Most Americans Still Think Religion Is Important, But Percentages Down

With the Christmas season here, most Americans say religion is an important part of their lives, according to a Gallup poll taken between Dec. 3-12 and released on Christmas Eve. Among 1,025 American adults: 72 percent said religion is important, with 51 percent saying religion is very important. Gallup said the poll shows the long-term decline in the importance of religion in people’s lives, noting a 1952 poll showing 75 percent saying religion is very important. Since then, the numbers have only been higher than 61 percent twice: 64 percent in 2001 after the 9/11 terrorist attacks and 65 percent one year later.

Pope Tells Sex-Abuse Priests: ‘Turn Yourselves In’

Pope Francis vowed Friday that the Catholic Church will “never again” cover up clergy sex abuse and demanded that priests who have raped and molested children turn themselves in. He also urged victims to come forward, thanked the media for giving them a voice and issued a stark warning to abusers: “Convert and hand yourself over to human justice, and prepare for divine justice.” Francis dedicated his annual Christmas speech to the Vatican bureaucracy to abuse, evidence that a year of devastating revelations of sexual misconduct and cover-up has shaken his papacy and caused a crisis of confidence in the Catholic hierarchy. Francis acknowledged that the church in the past had failed to treat the problem seriously, blaming leaders who out of inexperience or short-sightedness acted “irresponsibly” by refusing to believe victims. But he vowed that going forward the church would never cover up or dismiss cases again.

Ohio Governor Signs Bill Banning Common Abortion Methods

A bill that would ban the most common abortion method used in the second trimester of pregnancy was signed into law Friday by Ohio Gov. John Kasich. Though there are no exceptions in the law for cases of rape or incest, but there is one if the mother’s life is at risk. Any abortion provider who defies this law could face fourth-degree felony charges, including prison time and fines. The Republican governor’s decision to sign off on this legislation sparked immediate backlash from abortion rights advocates. Kasich has signed more than 20 laws restricting abortion access in his eight years in office.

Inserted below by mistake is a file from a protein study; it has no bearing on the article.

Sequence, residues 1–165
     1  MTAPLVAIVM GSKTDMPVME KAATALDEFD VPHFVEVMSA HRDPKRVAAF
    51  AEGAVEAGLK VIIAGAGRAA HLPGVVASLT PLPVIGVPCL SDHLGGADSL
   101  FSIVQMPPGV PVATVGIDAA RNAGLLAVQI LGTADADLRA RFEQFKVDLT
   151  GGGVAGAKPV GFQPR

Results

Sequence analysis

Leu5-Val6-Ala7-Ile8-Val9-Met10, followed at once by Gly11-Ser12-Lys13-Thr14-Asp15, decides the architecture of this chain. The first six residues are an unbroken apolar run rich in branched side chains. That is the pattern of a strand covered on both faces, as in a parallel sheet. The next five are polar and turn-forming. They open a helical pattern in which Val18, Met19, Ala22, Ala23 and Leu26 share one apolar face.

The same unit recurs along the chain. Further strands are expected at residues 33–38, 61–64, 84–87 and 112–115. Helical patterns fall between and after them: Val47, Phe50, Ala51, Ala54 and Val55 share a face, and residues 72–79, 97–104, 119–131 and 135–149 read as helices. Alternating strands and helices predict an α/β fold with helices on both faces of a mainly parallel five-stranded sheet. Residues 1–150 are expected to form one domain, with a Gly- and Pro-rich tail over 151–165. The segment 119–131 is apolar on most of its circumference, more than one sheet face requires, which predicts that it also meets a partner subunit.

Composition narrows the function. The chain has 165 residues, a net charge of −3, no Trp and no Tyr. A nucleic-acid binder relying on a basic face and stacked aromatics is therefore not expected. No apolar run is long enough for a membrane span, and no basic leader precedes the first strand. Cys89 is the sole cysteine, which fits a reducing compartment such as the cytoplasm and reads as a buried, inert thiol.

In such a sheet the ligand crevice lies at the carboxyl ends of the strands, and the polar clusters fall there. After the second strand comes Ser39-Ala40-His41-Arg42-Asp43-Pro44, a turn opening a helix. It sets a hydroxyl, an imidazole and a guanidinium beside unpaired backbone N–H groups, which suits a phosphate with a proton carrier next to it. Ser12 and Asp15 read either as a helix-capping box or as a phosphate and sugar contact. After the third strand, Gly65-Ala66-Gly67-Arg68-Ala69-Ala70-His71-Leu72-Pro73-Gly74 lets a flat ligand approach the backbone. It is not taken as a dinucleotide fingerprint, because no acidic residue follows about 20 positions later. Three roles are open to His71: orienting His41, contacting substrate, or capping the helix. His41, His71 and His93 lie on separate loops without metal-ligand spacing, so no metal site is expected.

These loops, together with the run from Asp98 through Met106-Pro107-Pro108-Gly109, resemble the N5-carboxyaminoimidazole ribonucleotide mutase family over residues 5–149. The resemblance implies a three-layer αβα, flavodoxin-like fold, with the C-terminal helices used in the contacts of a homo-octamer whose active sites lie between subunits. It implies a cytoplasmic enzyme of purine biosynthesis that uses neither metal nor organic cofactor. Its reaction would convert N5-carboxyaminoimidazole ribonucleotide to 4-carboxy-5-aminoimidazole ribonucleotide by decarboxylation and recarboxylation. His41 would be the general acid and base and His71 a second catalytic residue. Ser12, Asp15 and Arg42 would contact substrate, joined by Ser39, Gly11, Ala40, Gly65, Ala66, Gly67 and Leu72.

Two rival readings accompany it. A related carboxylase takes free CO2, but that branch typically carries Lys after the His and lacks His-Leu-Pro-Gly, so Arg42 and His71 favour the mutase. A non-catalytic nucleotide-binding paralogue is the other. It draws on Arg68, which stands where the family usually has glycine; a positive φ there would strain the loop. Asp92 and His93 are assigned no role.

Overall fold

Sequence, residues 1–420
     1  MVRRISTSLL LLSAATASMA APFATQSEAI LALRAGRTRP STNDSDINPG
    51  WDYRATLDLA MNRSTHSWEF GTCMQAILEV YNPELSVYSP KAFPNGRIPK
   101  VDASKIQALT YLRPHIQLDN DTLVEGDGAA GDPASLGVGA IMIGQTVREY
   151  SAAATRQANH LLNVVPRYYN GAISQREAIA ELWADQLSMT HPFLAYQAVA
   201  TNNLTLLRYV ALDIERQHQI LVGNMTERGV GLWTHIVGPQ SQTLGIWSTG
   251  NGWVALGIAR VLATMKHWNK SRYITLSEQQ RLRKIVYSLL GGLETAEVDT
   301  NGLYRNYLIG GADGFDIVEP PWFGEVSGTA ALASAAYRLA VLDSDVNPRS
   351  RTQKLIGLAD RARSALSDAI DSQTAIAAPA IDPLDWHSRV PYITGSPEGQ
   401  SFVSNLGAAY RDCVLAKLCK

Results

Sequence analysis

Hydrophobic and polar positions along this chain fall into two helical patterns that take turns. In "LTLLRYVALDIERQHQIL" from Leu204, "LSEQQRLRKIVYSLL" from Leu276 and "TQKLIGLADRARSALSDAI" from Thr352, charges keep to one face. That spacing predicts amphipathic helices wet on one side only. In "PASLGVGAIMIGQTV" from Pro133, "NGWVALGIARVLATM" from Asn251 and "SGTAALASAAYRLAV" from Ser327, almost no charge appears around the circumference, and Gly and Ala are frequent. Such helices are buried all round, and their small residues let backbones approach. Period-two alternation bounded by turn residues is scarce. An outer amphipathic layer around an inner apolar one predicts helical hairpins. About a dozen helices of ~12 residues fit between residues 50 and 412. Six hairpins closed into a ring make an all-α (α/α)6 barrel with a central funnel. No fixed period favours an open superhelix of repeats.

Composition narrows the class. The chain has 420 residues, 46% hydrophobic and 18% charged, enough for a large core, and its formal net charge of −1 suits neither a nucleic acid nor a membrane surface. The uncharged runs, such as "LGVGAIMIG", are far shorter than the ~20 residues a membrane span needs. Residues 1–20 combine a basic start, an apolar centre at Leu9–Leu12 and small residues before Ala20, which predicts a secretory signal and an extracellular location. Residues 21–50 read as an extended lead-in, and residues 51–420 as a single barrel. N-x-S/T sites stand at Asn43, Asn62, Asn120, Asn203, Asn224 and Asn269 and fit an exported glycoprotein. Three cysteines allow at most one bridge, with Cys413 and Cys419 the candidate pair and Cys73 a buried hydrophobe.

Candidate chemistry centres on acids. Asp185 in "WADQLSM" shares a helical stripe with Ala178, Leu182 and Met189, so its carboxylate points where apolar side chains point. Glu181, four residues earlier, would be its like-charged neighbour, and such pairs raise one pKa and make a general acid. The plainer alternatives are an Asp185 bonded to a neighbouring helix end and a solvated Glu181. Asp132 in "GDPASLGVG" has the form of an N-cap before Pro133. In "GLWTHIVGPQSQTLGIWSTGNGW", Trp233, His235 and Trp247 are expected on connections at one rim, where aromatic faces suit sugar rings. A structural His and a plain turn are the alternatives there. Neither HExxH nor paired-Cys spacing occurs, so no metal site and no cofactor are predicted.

Planned Parenthood Accused of Mistreating Pregnant Employees

The abortion giant Planned Parenthood has been accused of mistreating pregnant employees, according to a New York Times report. According to interviews with more than a dozen current and former employees, Planned Parenthood has been accused of “sidelining, ousting or otherwise handicapping pregnant employees.” The alleged discrimination would violate federal or state laws. Many women said they were afraid to announce a pregnancy at work. At Planned Parenthood, the Times reported, managers in some clinics declined to hire pregnant job candidates. Along with refusing requests by expecting mothers to take breaks, some were pushed out of their jobs after they gave birth, the paper said. Planned Parenthood’s clinics and regional offices brought in about $1.5 billion in revenue for fiscal year 2016. Half came from private donations and half from the government to reimburse treatment provided to Medicaid patients.

Supreme Court Upholds Block on Trump’s Asylum Restrictions

The Supreme Court on Friday upheld a federal judge’s order blocking the Trump administration’s new asylum restrictions. Chief Justice John Roberts sided with the four liberal justices in the 5-4 ruling. The administration’s policy, signed on November 9, would temporarily bar migrants who illegally cross into the US through the southern border from seeking asylum outside of official ports of entry. A federal judge in California quickly blocked the order, and the 9th US Circuit Court of Appeals agreed. Justice Department spokesman Steven Stafford said the department would continue fighting the blocking order. Justices Clarence Thomas, Samuel Alito, Neil Gorsuch and Brett Kavanaugh said they would have granted the administration’s request to lift the hold on the ban. This is the first high-profile vote in which Kavanaugh broke from Roberts. Earlier this year, he and Roberts joined with liberals to rebuff efforts by states seeking to eliminate funding for Planned Parenthood.